CHAPTER ONE: AN EIGHTFOLD FORTUNE
“I wonder what the tall-heads really want with us, anyway.”
Even in our cramped kitchen for house slaves, we nearly whisper. There’s no sense in disturbing the family, especially when it’s almost time for bed. Besides, we don’t want them to hear us one bit - not now.
“We aren’t speaking about just any of them, mind you, but the Unumites and their Masked Ones.”
No one says anything for a minute, and then a few slowly nod. There are eight of us here, hoping that our voices won’t carry: six around the dinner table and two on three-legged stools, who keep to themselves.
“I’ve never understood the real difference between them and - them,”
says the head cook, glancing toward the family dining room. “Goodness knows their foreheads are all so high, whether Unumites or not.”
Diamond, the lady’s maid who attends Madame, explains. “The difference is that our ‘tall-heads‘, as most of you so rudely call them, are our owners. The followers of the One have utterly separated themselves from the world, living in the mountainside city surrounding the Lesser Void. Our masters purchased us, but the Unumites may choose us. That’s what tomorrow’s about
: the Selection. They don’t believe in slavery.”
“Oh, no?” asks the cook. “What do you think they do with the ones they choose,
then, all squat-heads?”
“No need to be insulting,” interjects Equus, the butler. “It’s true that every year the Unumites select eight slaves apiece, from all of the plantations surrounding their mountain, to come along with them. It’s also true that those slaves never return. What becomes of them is a mystery, I believe, even to our family.”
“Our buyers, you mean,” says one of the scullions. “They’re no kin to me.”
“Regardless, I’m not sure whether they know what happens to the selected slaves, even their own…”
This is the main reason why we’re afraid they’ll hear us. We’ve suspected for years, although never saying so out loud, that our masters and the neighboring plantation houses have a secret arrangement with the Unumites. If so, it means that they’re the ones behind the annual disappearance of several of us. Those who follow the One may perform their Selections, but who allows them to do so? After all, we slaves are property. If one of us dies or is sold to another master, then that loss must be made up. There’s no way that our family would allow the Unumites to take whom they will without expecting payment in return.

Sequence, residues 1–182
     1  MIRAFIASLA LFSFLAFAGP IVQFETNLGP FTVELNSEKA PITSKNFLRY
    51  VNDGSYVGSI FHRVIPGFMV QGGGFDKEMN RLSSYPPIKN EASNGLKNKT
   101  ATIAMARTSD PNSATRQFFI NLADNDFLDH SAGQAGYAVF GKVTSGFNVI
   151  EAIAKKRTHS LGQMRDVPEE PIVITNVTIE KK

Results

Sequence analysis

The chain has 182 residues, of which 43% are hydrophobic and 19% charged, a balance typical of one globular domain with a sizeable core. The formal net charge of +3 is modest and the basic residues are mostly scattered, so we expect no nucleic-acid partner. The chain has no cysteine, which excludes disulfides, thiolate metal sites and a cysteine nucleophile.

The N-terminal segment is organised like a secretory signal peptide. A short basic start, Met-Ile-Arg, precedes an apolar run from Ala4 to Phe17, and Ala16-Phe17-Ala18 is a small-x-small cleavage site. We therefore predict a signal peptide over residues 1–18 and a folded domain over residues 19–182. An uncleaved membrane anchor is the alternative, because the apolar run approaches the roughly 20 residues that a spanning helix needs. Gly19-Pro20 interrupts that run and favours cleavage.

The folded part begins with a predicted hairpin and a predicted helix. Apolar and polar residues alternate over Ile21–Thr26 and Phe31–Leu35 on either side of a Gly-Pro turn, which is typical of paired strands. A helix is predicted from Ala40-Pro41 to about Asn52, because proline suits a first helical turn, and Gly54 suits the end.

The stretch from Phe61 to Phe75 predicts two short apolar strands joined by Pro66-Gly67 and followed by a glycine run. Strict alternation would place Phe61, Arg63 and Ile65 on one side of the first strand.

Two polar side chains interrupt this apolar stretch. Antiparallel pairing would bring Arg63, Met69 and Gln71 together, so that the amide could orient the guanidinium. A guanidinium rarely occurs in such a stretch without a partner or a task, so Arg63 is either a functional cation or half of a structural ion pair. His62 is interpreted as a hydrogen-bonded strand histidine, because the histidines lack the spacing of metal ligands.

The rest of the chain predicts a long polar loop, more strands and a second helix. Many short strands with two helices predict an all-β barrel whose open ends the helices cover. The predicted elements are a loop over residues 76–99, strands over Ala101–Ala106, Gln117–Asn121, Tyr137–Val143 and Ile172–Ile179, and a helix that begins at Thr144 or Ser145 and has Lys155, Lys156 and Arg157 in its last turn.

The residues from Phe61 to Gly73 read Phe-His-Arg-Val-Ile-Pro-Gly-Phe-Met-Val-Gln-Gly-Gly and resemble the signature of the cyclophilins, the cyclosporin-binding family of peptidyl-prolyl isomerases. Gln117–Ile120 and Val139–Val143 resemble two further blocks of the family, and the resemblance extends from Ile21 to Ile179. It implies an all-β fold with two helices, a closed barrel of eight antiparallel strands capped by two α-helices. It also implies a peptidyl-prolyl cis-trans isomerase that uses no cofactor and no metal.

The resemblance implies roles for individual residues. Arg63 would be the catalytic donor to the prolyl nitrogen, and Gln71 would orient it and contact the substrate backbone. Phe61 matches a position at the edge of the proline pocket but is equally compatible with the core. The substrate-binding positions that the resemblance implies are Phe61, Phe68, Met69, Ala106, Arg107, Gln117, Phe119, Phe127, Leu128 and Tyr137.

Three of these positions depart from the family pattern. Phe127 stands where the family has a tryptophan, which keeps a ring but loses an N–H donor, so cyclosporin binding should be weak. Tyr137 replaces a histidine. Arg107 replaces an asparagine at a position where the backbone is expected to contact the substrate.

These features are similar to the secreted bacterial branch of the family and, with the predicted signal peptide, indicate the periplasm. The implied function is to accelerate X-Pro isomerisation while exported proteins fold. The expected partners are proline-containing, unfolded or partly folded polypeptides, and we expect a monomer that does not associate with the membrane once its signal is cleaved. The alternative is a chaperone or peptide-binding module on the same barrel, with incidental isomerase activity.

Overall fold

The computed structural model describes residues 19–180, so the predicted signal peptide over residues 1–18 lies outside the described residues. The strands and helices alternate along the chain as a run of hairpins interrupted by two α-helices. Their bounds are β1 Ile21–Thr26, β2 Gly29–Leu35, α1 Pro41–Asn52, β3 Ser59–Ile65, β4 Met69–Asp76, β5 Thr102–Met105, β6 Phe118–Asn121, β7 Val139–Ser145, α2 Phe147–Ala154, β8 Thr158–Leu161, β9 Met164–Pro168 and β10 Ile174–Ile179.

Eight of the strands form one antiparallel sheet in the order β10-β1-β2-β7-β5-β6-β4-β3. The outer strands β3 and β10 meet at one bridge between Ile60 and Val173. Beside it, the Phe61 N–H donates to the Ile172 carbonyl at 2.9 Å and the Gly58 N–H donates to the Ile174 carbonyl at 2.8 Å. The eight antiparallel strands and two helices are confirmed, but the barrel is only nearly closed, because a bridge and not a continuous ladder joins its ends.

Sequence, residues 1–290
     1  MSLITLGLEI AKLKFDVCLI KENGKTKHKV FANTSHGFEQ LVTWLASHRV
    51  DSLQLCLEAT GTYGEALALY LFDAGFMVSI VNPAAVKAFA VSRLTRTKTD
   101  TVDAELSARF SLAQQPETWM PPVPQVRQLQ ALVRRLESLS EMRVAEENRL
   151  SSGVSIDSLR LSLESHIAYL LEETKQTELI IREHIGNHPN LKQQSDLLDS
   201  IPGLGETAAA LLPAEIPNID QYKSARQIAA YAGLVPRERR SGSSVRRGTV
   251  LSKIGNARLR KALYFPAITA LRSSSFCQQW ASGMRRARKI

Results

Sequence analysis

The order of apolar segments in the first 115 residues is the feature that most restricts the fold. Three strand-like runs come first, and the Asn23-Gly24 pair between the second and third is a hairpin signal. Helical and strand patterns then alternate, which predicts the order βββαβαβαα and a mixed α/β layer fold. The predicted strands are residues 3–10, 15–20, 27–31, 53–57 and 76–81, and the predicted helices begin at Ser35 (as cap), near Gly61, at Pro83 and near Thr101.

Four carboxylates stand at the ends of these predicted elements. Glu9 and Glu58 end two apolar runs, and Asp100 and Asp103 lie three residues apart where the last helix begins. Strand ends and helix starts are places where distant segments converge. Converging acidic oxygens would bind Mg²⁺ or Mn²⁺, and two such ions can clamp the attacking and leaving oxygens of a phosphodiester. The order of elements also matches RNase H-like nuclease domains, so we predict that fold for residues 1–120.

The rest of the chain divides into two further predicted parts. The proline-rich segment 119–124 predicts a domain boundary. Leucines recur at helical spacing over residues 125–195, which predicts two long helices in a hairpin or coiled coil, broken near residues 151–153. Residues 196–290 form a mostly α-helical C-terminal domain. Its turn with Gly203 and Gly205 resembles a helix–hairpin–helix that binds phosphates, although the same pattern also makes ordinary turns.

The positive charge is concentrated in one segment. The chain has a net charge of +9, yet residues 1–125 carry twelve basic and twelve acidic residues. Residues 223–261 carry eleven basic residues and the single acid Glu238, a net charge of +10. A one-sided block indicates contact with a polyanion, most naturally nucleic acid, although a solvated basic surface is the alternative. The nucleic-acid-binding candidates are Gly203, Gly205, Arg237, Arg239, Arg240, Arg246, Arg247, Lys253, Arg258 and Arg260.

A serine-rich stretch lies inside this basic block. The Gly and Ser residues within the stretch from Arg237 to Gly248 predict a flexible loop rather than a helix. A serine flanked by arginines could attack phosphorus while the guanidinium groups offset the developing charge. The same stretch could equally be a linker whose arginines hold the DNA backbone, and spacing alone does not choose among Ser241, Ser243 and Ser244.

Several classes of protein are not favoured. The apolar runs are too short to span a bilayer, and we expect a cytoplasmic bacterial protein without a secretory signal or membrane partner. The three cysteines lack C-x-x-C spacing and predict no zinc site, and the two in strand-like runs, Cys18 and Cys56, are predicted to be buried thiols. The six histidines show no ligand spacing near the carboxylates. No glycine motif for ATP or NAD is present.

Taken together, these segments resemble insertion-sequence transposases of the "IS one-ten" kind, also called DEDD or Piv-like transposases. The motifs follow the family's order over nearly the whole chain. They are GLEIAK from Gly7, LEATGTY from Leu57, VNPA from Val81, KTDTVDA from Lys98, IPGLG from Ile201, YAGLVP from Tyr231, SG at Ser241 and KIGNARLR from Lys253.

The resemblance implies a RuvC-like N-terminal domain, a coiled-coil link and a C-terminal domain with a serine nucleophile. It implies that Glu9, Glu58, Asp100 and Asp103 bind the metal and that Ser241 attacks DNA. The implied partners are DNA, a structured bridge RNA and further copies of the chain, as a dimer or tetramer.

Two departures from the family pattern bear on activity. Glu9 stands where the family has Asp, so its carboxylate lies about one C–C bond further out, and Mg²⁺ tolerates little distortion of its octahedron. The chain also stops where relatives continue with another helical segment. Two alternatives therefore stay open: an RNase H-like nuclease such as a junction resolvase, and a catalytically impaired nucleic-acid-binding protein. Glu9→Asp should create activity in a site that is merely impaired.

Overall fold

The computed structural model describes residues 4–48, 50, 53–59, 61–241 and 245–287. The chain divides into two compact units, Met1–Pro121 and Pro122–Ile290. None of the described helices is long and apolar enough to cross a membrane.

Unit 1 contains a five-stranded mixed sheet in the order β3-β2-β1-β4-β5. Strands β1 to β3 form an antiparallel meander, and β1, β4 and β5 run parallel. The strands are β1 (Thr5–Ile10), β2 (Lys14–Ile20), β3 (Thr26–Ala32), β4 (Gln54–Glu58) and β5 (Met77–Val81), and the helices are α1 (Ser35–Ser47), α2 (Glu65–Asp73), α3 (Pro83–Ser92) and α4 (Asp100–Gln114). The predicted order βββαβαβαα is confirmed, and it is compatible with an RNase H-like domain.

There’s a long silence, and then we hear Crow smacking his lips. He’s one of the two sitting on a wooden stool in the kitchen; I am the other one. “You know what?” he rasps. “I think they eat ‘em.”
“Don’t be ridiculous,” Diamond cries, “or disgusting.” She looks around nervously, as do we all.
“Why not?” Crow lowers his voice even further. “We’re nice and lean, although some of us are fat. Who knows what goes in those tall-heads‘ mouths, if they can’t raise cows or chickens on a mountain? They’ve got to have meat. Once we’re dead, we’re as good as any of the animals we’ve butchered, aren’t we?”
“You hush,” she snarls, “and keep gnawing on that little hen bone you managed to pocket at dinner.”
“I gum it,” he says, shrugging. “I don’t have many teeth left.” He sticks the short, slender morsel back in his mouth. Crow’s been at this plantation as long as any of us can remember, having served not only our master, but his father and grandfather before him. Only I know his real age: eighty. He tells everyone else he’s sixty, for two reasons. One is that he doesn’t like to seem more frail than he is, even though one of his eyes is milk-white with cloudy water. The other is faith, which we and our owners share. According to the Scriptures of the One, and our own slave superstitions, our kind aren’t supposed to live that long.
There are two verses to prove it: For those who were of the One from the beginning shall live fourscore years. Those who turned to the Dragon are cursed, and shall live threescore at most.
That’s why we’re bound to be slaves, and why our days are cut short - except for Crow’s. The One blessed Its most loyal followers with long lives, an average height of six feet, and tall foreheads as smooth as windowpanes. We aren’t much more than five feet and a half, and compared to theirs, our foreheads are short and squat.
Diamond is still mad at Crow. “Now I know for sure that you’re as stupid as you look.”
He shrugs again. “Don’t all of us basically look like this? Don’t their people have bigger brains?”
“Yes,” says the scullion, “but all they know is what they’ve learned in books. We know the world.”
“What does any of this have to do with the Selection?” asks Bear, an eight-year-old kitchen boy.